The Rise and Fall of Third Parties: From Anti-Masonry to Wallace

By Willlam B. Hesseltine | Go to book overview

CHAPTER EIGHT
THE REPUBLICAN PRESENT

The sweeping success of the Republican Party in 1946 was not a victory for any clear-cut philosophy. It did not mean that either the agrarian liberals of the party nor the reactionaries had won control of the organization. In the Congressional elections of 1946 the most potent slogan was "Had Enough? Vote Republican." The voters, who had clearly had enough, took revenge on the Democrats, but when they voted Republican they endorsed no special program. The Republican Party had failed to formulate such a program.

For 14 years of the New Deal and the second World War, the GOP was characterized by confusion, incredulity, acquiescence, and hopeful expectancy. Divided among themselves, bearing the odium of having been in power when the Great Depression came, the Republicans had been unable to capture the spotlight from the Democrats' dramatic leaders. Young men left the Republican ranks, and seasoned hacks sought office by offering to out-New Deal the Democrats. Confronted by the improvident improvisations of the New Deal, Republicans sounded alarms, pointed fingers of warning, and engaged in all the other cliches of partisan oratory, but they never offered a plausible substitute.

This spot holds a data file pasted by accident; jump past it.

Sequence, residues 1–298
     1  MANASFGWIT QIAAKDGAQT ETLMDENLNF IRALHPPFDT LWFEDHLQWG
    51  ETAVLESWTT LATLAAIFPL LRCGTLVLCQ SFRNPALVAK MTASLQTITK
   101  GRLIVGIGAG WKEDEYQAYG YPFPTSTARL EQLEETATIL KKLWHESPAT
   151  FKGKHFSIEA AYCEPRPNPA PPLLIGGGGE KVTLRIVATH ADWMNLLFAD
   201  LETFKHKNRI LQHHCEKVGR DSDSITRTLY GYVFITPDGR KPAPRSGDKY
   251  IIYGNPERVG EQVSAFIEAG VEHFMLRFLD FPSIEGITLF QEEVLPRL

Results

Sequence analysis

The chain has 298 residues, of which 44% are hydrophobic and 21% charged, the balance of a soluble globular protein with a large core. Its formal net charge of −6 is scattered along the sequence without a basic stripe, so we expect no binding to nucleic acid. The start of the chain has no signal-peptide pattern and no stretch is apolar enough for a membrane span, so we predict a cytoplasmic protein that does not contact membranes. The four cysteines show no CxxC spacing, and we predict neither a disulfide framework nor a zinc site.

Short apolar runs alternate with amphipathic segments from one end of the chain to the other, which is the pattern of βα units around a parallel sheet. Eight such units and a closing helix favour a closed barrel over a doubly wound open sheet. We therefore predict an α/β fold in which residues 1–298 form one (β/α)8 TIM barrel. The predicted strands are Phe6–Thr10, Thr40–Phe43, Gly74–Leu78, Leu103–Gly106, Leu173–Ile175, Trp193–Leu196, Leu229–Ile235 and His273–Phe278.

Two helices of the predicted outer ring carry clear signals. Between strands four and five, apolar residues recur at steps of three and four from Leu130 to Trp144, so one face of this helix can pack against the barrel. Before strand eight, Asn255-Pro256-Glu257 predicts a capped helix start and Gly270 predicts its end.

The Republican failure to formulate a program sprang naturally from the party's internal confusions. These confusions had been apparent in the glorious '20s, when the

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